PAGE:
64(1) Where the Minister is of the opinion that a proposed activity should not proceed because it is not in the public interest having regard to the purposes of this Act, the Minister may at any time by notice in writing to the proponent, with a copy to the Director, order that no approval or registration be issued in respect of the proposed activity.
Immediately following this Order (and a similar one issued under the Water Act, R.S.A. 2000, c. W-3) the Alberta government announced the creation of Spray Valley Provincial Park, effectively precluding any future mountain resort of the like proposed by Genesis.
My recollection is that these Orders surprised the environmental community (albeit a welcome surprise) because the Alberta government had been accommodating the Genesis proposal through the usual regulatory processes (environmental assessment and public hearings) that typically result in development approval. Also on the surprised list was Genesis itself, who subsequently commenced a civil action for damages against the Alberta government and the Environment Minister alleging abuse of public office in the issuance of Ministerial Orders that ended its Spray Valley resort proposal.
The successful tort claim for abuse of public office is a rare species that requires the claimant to establish: (1) the exercise of public authority was unlawful; (2) the public authority acted with malicious intent to injure; and (3) the claimant suffered economic damage as a result. The threshold of a successful claim is very high, and most claims fail to survive the “strike-out” phase because claimants are unable to plead sufficient facts to support the allegation (See Harry Wruck, “The Continuing Evolution of the Tort of Misfeasance in Public Office” (2008) 41 U.B.C. Law Review 69). Also contributing to its rarity is the need for a claimant that seeks an economic remedy from a public decision, rather than the more typical request that the decision be set aside. In this case, for instance, Genesis did not ask the Court to set aside the Ministerial Orders.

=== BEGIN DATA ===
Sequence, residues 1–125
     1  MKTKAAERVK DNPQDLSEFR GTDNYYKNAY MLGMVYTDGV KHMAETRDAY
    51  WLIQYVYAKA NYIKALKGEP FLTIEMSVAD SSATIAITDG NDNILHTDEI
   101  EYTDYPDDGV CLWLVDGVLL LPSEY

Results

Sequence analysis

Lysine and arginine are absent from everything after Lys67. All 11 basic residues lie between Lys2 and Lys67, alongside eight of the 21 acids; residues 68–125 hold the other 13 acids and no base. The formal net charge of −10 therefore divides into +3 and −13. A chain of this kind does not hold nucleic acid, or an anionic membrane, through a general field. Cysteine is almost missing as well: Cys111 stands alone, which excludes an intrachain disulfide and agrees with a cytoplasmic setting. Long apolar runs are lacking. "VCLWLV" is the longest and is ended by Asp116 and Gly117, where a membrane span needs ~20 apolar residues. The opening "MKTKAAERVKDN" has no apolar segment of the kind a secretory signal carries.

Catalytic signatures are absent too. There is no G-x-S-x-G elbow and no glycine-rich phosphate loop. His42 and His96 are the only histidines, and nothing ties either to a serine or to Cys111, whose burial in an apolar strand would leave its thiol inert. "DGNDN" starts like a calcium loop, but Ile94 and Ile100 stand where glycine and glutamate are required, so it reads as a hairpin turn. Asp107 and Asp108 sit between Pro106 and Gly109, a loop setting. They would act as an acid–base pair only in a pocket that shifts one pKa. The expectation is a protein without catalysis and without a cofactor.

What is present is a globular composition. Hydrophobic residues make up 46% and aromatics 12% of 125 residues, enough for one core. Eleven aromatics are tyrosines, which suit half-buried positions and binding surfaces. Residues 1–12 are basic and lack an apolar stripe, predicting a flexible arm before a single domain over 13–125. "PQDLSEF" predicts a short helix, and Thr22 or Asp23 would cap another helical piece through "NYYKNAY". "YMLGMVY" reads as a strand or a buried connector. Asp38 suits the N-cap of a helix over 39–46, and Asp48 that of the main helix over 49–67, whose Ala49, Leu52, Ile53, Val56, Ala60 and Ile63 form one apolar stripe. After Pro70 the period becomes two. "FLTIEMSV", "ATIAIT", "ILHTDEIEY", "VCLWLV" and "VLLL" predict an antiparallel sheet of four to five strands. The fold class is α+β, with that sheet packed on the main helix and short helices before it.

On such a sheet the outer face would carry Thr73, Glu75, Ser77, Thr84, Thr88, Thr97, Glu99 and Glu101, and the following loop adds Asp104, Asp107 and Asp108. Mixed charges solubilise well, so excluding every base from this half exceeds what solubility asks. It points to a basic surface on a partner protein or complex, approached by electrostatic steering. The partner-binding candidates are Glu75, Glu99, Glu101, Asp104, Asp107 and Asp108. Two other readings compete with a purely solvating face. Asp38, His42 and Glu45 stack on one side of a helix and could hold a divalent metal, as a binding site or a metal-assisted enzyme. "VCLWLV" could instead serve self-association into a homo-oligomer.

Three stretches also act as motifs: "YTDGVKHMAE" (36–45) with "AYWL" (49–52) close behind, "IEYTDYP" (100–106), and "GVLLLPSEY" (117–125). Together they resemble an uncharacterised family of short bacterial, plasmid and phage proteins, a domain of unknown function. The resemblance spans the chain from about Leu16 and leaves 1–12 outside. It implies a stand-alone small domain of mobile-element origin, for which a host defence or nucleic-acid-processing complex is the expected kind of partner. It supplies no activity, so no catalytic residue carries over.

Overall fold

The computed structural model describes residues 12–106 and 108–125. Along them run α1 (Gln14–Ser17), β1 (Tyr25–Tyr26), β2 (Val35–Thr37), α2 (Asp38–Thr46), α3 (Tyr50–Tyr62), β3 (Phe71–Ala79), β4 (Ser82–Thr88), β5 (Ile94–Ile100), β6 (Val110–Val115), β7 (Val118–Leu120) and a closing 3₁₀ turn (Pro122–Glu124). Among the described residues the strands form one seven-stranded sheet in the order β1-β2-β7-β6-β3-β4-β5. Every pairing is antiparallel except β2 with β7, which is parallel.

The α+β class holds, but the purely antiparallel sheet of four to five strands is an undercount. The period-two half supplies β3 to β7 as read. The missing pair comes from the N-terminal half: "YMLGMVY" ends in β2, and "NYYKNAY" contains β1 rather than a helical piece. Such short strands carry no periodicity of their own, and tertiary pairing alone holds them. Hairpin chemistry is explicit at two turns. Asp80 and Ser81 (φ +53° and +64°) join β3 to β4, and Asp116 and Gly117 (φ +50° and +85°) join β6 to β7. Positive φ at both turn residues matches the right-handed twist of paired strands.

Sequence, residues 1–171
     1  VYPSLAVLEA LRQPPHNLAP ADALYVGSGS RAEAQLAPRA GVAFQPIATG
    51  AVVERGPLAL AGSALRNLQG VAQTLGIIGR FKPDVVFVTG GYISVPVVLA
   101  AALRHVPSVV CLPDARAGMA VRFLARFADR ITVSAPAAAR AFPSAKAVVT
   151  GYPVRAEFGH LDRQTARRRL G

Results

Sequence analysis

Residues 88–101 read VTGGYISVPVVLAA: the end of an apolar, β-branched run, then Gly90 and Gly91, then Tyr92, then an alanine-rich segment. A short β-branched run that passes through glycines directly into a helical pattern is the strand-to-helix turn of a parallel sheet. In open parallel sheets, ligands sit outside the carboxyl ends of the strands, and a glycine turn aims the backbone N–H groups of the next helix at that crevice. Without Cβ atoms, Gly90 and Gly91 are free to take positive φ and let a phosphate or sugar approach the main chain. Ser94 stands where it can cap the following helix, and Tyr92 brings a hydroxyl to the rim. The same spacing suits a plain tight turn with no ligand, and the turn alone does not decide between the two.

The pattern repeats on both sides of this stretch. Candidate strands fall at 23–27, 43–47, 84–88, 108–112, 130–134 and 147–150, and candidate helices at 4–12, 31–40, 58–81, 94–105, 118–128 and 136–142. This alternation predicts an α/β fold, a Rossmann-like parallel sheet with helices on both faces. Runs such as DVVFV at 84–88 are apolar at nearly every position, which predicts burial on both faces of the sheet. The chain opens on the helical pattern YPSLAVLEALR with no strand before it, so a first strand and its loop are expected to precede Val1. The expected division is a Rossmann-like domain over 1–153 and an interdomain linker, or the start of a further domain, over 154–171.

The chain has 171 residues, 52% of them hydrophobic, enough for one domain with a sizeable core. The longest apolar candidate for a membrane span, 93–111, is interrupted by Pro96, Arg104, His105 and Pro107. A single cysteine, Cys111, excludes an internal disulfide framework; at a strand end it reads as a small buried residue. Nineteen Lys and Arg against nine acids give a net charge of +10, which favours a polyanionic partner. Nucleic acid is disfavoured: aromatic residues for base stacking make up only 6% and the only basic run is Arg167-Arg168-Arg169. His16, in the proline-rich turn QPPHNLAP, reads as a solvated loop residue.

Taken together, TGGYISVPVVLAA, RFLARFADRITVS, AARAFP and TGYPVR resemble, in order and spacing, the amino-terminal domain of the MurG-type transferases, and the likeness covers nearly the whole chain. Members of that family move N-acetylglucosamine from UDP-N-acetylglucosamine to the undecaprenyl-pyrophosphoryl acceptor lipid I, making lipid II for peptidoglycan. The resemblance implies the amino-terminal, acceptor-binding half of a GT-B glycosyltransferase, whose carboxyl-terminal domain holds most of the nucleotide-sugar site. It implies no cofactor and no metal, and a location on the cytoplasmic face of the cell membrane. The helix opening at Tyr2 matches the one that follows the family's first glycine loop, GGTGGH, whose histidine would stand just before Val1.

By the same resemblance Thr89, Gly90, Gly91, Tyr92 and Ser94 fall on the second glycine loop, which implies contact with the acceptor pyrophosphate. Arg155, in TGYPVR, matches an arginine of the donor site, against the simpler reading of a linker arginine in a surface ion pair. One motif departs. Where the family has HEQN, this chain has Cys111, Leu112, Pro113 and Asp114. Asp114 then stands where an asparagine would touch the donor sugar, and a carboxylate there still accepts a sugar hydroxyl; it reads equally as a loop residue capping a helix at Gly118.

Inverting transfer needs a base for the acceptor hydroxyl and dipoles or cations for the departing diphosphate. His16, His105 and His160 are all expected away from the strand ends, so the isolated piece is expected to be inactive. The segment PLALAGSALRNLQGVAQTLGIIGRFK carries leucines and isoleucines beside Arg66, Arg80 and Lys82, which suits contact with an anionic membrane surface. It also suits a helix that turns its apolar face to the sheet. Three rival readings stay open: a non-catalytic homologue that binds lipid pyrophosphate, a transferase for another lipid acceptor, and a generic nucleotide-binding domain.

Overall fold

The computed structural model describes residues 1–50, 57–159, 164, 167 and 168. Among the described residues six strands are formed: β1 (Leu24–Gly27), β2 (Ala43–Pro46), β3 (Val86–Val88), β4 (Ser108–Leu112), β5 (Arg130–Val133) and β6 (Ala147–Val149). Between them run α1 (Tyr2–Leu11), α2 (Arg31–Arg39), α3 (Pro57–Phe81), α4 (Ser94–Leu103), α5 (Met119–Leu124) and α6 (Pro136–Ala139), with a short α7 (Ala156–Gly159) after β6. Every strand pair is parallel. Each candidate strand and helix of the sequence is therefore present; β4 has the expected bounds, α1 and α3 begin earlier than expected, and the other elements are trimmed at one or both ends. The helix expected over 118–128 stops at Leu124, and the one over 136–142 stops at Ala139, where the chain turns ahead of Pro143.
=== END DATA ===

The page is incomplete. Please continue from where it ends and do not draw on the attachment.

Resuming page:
Genesis Land Development Corp. v. Alberta, 2009 ABQB 221, involves an application by the Alberta government and former Environment Minister Gary Mar for summary judgment to dismiss the Genesis tort claim pursuant to Rule 159 of the Alberta Rules of Court, Alta. Reg. 390/1968. Rule 159 entitles a defendant to summary judgment where the defendant can establish there is no merit to the plaintiff’s claim. In this case, the Alberta government argued both Crown immunity to tort liability and the absence of any evidence to support an unlawful act with respect to the Ministerial Orders.
Justice Don Manderscheid quickly rejects the assertion of full Crown immunity, citing various sources to support his conclusion that “[w]hile the government must be free to govern, it cannot do so with complete immunity” (at para. 67). The core of his judgment looks at whether the Alberta government met its onus in establishing no merit in the Genesis claim. In this regard, Manderscheid J. accepts government submissions that the Ministerial Orders were issued on the basis of public opinion (established in large part with the vocal opposition to the Genesis project and the government’s own survey referenced above), a basis that Manderscheid J. finds to be well within the discretionary authority conferred to the Environment Minister under the applicable legislation.
A key argument for Genesis was that the Ministerial Orders were not issued in response to public opinion on the Spray Valley, but rather were directed by Cabinet as a goodwill gesture to offset controversial amendments being implemented by the Alberta government to the Alberta Health Care Insurance Act, R.S.A. 2000, c. A-20, that now allows a physician to offer private medical services. I recall public opposition to these health care amendments far exceeded that with respect to the Spray Valley proposal, and Genesis’ argument is further supported by the fact that Gary Mar was moved from Environment Minister to the Minister of Health immediately after announcing the creation of Spray Valley Provincial Park! None of this circumstantial argument is ultimately persuasive for Manderscheid J. who grants the government’s summary judgment application to defeat the abuse of public office allegation on the basis there is no evidence of an unlawful act committed in the issuance of the Ministerial Orders. (As an aside, one portion of the Genesis claim seeking compensation for deposits paid on the boat tour operation survived the summary judgment application).
Reading this decision rekindled my curiosity as to what actually led to Environment Minister Mar’s decision to terminate the Genesis resort project and designate Spray Valley Provincial Park in May 2000. While I wholeheartedly agree with the outcome, I also believe there is some truth to what Genesis alleged in this case.